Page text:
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Watch Peiter Zatko reveal to Sen. John Kennedy (R-LA) that an “absurd number” of Twitter employees can access the accounts of Republicans on the platform below.

This video is from the GalacticStorm channel on

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Teachers in Ohio now allowed to carry GUNS as state's House Bill 99 takes effect

Image: Teachers in Ohio now allowed to carry GUNS as state’s House Bill 99 takes effect

(Natural News) School teachers in Ohio can now carry guns to defend their students under the state’s House Bill (HB) 99, which took effect Monday, September 12.

HB 99, signed into law by Ohio Gov. Mike DeWine on June 13, also allows principals and school staff to carry firearms on campus and in classrooms.

“Our goal continues to be to help our schools – public schools, parochial schools [and] private schools – to have the tools they need to help protect our children,” said the Republican governor. “We have an obligation to do everything we can every single day to try and protect our kids.”

Prior to the bill’s passing, only security officers or persons specifically authorized by a board of education were allowed to carry weapons. Persons authorized by education boards must have either 20 years’ experience in law enforcement or 700 hours of peace officer training, as ruled by the Ohio Supreme Court in 2021.

However, the requirement can be expensive and time-consuming for any educator wanting to carry a firearm to protect children. Renewed calls to arm educators came following the May 2022 Uvalde, Texas school shooting that saw 21 dead.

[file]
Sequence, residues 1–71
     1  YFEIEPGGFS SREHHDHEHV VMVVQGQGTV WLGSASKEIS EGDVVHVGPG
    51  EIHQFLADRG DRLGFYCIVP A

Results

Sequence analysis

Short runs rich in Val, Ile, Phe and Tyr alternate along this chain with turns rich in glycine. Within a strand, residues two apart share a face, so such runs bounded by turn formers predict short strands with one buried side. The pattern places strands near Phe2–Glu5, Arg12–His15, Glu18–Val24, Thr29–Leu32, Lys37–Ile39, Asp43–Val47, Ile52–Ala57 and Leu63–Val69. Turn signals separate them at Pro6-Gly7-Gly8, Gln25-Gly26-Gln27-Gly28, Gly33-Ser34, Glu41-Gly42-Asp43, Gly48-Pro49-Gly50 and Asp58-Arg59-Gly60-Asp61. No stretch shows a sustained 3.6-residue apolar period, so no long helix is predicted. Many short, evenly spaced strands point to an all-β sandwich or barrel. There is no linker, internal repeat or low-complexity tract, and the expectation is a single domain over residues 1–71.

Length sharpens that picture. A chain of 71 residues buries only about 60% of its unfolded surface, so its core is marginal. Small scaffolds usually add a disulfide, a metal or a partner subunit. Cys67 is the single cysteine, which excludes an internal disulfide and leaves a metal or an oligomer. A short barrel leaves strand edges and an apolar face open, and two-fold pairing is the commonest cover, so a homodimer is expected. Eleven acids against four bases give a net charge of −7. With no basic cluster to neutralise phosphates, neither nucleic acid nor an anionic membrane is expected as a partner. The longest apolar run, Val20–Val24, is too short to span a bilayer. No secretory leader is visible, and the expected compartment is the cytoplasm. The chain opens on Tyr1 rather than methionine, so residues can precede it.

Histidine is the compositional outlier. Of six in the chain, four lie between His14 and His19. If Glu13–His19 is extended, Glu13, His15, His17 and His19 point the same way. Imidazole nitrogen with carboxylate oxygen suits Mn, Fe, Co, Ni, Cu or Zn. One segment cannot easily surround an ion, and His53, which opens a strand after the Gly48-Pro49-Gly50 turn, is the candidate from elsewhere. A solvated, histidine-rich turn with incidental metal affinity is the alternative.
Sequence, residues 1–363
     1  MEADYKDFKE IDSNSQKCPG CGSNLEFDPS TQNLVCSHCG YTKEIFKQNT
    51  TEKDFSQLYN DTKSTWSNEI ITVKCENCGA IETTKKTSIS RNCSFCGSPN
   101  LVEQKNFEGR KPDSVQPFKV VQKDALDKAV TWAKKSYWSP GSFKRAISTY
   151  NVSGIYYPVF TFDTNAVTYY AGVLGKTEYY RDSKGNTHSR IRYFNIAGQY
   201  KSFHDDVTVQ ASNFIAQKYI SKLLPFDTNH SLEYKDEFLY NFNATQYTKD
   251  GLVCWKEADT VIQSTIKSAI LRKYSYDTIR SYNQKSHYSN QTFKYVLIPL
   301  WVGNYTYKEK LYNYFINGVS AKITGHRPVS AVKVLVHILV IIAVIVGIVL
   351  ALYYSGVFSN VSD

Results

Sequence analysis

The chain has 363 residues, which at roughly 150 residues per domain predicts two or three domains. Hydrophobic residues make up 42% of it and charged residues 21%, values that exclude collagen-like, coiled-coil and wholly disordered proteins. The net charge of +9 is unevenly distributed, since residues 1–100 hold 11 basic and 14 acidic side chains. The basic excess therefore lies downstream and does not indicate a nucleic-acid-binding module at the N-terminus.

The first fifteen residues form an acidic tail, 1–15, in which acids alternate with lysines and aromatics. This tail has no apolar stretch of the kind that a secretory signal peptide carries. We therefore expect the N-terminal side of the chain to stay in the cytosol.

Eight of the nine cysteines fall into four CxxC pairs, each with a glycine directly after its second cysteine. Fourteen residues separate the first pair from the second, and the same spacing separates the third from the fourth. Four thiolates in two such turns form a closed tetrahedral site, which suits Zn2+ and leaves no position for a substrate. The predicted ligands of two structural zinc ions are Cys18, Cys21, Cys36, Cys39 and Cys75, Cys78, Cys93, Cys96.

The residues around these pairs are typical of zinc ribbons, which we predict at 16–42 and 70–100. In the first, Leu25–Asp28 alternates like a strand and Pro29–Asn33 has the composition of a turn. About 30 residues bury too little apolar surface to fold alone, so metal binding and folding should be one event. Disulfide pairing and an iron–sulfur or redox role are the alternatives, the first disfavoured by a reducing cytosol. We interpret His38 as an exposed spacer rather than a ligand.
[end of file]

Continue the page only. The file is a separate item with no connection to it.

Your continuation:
HB 99 loosened this requirement by mandating up to 24 hours of initial training and eight more hours of supplemental training annually. Employees allowed to carry firearms must also submit to a yearly criminal record check. Moreover, the specific school or the district that oversees it must provide notice that it has authorized one or more persons to carry guns on campus.

HB 99 helpful for areas not easily accessible to first responders

GOP State Rep. Thomas Hall, the bill’s sponsor, said HB 99 is helpful for rural areas where schools are not easily accessible to first responders. “[While] some of the inner city schools have police officers at their school, some of these rural schools don’t have that luxury.”


GOP State Rep. Phil Plummer, a former county sheriff, agreed with the bill. He explained that HB 99 shortens the “lengthy” process it takes to get first responders to schools in an active shooter situation.

“I’m comfortable my school district would set adequate training and they wouldn’t authorize anybody that wasn’t capable of doing it safely,” said Ohio State House Speaker Bob Cupp, also from the GOP. (Related: Reason versus delusion: Why we need armed defenders in schools to protect the lives of our children.)

Despite the GOP’s support of HB 99, many educators voiced disagreement over the bill. In fact, the leaders of three teachers’ unions vehemently opposed the measure that permitted teachers to arm themselves.

One union, the National Education Association (NEA), had been critical of allowing school employees to carry guns on campus even before HB 99 became law.

“We need fewer guns in schools, not more,” said NEA President Becky Pringle. “Teachers should be teaching, not acting as armed security guards.”

“Bringing more guns into schools makes schools more dangerous and does nothing to shield our students and educators from gun violence.

American Federation of Teachers (AFT) President Randi Weingarten agreed with Pringle, saying: “The answer to gun violence is not ‘more guns.’” AFT is the second-largest teachers’ union, after the NEA.

Joe Eaton of the Buckeye Firearms Foundation, however, begs to differ.

“We think that’s a benefit for schools. It returns them the option of having enhanced safety and security options in their schools,” said Eaton, who leads the foundation’s FASTER Saves Lives program. has more stories like this.

Watch this episode of “The Dr. Duke Show” that touches on Ohio Gov. Mike DeWine’s promise to sign HB 99 into law.

This video is from the FreedomProject Media channel on